Capistrano Unified School District trustees want the state to ensure that the district gets a 100% cash return of the funds it had in the county's failed investment pool.
Under a county proposal, school districts would receive 90% back in cash and secured notes but the remaining 10% in county-issued IOUs. Capistrano trustees passed a resolution Monday asking the state to swap cash for the IOUs for all county school districts.
"We think it is proper," Supt. James A. Fleming said. "This is simply putting (state officials) on notice."
Also, for the first time in the school district's history, Capistrano trustees on Monday downgraded to "qualified" an interim financial report to the state. The change from a "positive" rating means that school districts officials are unsure whether they can pay district bills through the end of the fiscal year, June 30. The annual budget is $136 million.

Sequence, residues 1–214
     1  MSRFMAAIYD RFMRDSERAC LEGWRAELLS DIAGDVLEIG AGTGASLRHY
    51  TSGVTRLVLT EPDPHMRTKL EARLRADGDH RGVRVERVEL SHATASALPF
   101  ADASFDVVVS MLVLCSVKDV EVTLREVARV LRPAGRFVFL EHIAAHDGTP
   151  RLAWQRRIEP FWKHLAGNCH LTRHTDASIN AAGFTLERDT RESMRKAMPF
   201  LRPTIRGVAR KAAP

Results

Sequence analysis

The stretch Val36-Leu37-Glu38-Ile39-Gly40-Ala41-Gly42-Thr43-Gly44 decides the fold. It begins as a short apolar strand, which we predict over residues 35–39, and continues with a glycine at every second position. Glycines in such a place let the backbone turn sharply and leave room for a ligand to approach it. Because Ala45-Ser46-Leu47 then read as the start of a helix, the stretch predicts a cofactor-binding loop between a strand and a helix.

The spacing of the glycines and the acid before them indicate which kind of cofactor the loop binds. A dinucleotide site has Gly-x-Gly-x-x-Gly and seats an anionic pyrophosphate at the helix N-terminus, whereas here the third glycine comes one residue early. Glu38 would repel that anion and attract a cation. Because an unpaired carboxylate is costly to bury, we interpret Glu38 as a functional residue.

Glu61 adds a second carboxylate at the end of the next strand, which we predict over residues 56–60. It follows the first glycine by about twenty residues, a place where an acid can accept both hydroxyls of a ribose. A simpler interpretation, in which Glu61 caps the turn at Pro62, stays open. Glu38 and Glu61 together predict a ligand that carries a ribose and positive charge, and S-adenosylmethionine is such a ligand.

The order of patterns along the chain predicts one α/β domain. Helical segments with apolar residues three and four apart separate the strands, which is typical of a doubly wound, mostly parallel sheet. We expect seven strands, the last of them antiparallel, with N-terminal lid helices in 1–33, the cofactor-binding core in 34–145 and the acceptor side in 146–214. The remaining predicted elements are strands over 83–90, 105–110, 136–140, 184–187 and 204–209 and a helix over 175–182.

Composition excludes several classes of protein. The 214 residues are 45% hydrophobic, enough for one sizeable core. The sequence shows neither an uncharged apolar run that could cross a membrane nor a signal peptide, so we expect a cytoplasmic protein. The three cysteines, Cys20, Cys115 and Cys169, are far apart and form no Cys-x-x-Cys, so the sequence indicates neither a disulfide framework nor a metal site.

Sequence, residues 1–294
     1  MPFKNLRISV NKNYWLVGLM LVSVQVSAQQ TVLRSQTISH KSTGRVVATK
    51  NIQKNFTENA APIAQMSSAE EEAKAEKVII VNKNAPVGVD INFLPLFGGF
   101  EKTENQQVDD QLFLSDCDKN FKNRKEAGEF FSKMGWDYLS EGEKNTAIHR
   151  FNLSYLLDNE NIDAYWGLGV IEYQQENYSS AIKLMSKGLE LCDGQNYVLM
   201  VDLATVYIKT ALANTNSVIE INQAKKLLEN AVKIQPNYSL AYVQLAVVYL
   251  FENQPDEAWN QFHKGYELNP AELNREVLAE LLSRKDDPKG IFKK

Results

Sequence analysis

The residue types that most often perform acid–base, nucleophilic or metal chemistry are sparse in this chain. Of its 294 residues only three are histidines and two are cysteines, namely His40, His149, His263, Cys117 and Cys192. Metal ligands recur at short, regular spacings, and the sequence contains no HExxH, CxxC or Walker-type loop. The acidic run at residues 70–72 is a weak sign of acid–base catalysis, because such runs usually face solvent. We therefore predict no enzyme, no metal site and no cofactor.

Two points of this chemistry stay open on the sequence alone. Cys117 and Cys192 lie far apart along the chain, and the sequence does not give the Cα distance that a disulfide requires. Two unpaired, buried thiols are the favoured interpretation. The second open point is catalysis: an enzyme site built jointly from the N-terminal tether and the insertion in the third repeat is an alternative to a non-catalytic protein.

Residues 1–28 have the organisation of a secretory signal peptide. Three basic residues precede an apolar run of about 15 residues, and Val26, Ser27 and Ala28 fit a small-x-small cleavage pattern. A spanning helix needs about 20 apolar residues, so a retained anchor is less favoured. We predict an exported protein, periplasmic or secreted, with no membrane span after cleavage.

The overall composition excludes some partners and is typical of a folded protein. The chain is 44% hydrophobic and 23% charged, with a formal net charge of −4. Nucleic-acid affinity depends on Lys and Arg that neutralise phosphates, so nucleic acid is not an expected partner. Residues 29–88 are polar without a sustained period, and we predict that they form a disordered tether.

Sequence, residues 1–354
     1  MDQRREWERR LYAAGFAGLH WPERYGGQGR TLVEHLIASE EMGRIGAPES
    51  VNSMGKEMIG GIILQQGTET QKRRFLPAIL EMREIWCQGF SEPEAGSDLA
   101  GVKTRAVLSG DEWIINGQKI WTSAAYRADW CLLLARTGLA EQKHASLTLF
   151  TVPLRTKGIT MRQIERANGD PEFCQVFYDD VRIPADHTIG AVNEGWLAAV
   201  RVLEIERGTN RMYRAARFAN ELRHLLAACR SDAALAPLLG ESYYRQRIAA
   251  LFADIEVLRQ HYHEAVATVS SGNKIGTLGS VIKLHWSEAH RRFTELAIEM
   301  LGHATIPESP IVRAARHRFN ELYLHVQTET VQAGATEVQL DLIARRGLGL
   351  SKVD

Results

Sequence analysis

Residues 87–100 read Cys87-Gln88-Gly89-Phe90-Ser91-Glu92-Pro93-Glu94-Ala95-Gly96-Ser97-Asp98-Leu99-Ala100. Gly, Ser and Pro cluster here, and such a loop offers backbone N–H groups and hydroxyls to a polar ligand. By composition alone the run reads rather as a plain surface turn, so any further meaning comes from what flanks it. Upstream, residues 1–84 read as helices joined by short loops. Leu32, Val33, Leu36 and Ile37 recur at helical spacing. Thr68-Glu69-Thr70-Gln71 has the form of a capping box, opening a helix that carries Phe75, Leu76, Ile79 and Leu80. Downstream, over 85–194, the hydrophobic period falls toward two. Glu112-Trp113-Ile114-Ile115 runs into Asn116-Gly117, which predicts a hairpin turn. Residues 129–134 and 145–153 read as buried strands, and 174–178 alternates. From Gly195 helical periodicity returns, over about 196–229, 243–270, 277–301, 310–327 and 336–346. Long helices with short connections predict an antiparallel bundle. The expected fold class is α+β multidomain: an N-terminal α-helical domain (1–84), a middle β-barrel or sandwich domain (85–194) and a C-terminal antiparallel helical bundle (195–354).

"It is really a terrible thing for all of us," said Carleen Wing Chandler, assistant superintendent of business and fiscal services.
Chandler told trustees that the downgraded rating would not subject the district to state penalties but put it on a "watch list."
The district had $74 million in the county investment pool when it collapsed. Under a current proposal to iron out the bankruptcy, district officials are figuring they will immediately lose $7.4 million, which is money they say is needed to operate without major cuts.
For weeks, school leaders here have said that the state should assume some financial responsibility in the county's investment debacle because state law required that the schools deposit their money with the county treasurer, who managed the massive pool.
Trustee Crystal Kochendorfer said Monday that the district's students should not suffer because of a county blunder. Kochendorfer said the district had already made $10 million in cuts over the past four years because the state had not provided any cost-of-living increases.